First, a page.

Bonds Abandons The Muscly Blond Stereotype And Experts Say They’ll Reap The Rewards
At a time when big brands are shaking up their image, many fall victim to diversity oversteer or tokenism, but iconic Aussie brand Bonds seems to have struck the right chord.
Best mates who are drag queens. A traditionally tattooed Samoan-Kiwi mother with her newborn. IVF triplets born to three different mothers.
These are some of the diverse stories featured in Bonds' Christmas campaign, 'It's The Bonds That Make The Season'.
Then there's the young woman who defied medical experts to donate a life-saving kidney to her sister, a sight-impaired woman and her guide dog, plus a couple married for 70 years.
The campaign stars range in age from nine months to 91 years old, whose touching stories were "critical to creating this idea", according to Kedda Ghazarian, the brand's marketing manager.
"We discovered Shirley and Leigh, a local Bendigo couple married for 70 years, through a local newspaper article, and others through word of mouth," Ghazarian told 10 daily.
"It was important for us to choose stories that really represent the fabric of Australia and different stories that would strike a cord with different viewers."
The 'Bonded by 'Aiga' clip features mum Bailey Tuiomanufili and bub Lila ('aiga means "family" in Samoan).
When Tai Moors, a Cairns resident of Samoan heritage, came across the clip on Facebook, she cried.
"I always love seeing the bond between a mother and her baby, but it was different this time," Moors told 10 daily.
"When I saw her Malu (a Samoan traditional tattoo for women) I was moved to tears. I watched the clip over and over again, I just couldn’t wait to share it with everyone."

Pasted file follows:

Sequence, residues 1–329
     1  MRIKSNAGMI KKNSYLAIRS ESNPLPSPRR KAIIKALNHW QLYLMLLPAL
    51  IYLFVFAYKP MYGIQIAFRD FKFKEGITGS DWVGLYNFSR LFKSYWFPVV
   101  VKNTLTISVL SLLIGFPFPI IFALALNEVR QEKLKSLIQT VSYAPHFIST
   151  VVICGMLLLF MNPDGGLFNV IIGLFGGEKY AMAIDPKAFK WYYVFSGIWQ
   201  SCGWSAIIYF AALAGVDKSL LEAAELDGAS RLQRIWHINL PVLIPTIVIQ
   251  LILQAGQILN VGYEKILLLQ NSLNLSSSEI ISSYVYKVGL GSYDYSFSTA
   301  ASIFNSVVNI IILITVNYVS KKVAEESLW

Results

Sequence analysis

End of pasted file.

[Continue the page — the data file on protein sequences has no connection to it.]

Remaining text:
Ghazarian said the 'Bonded by Aiga' story has "really resonated" with "the local and international Samoan community".
"Drag queens Matt and Shahmen have also got people talking, and there have been a few tear emojis going around for the 70-year-strong Bendigo couple Shirley and Leigh," Ghazarian said.
Retail advertising expert Danny Lattouf told 10 daily these campaigns are familiar territory for Bonds.
"The brand has a progressive nature in their communications. The Christmas campaign pushes things a little further, but it isn't inconsistent," Lattouf said.
Brands like Bonds, Telstra and Woolworths are standouts in a space where many approach diversity as tokenism, said marketing expert Sheba Nandkeolyar.
"Where diversity can feel forced in numerous advertising campaigns, Bonds feels real. They also portray women's bodies without any sexual overtones, which is amazing," Nandkeolyar told 10 daily.
Many Australian brands were still hesitant to take risks when it came to showcasing diversity in their campaigns, Nandkeolyar added.
"Most marketers don't want to upset the mass audience and actually try to stay away from diversity. I've heard, 'We'd rather do it well, or not at all' often.
"I sometimes feel like asking, 'Hang on, when is the time you want to do it?' Because the time is now."
In 1915, an American immigrant named George Bond founded Bonds in Sydney as a small manufacturer of women’s hosiery.
The brand's cartoon trademark, a blonde muscleman named Chesty Blond, was created in 1938 to sell men's underwear.
Throughout the years, prominent Australians signed on as ambassadors including Pat Rafter, Sarah Murdoch and Iggy Azalea.
Since Bonds became a wholly owned subsidiary of Hanesbrands in July 2016, there has been a noticeable shift in the brand's diversity and inclusion focus.
The 2016 Census found Australia today is more diverse than ever. Twenty-two percent of the population speak a language other than English at home, 11 percent identify as LGBTQI+ and a fifth of the country live with a disability.
According to Lattouf, the most successful Australian brands today are the most connected brands.
"If more diverse advertising helps that brand connect in a stronger, deeper way with their audience, then that will, without question, result in commercial success.
"It might not be instant, because you grow brand connection and strength over time, and it doesn't necessarily correlate immediately with retail performance," Lattouf said.
Moors said campaigns like Bonds' Christmas ad create dialogue among people "to be curious and embrace others with various backgrounds".
"(This) has the power to make real positive change and eliminate bias," Moors said.
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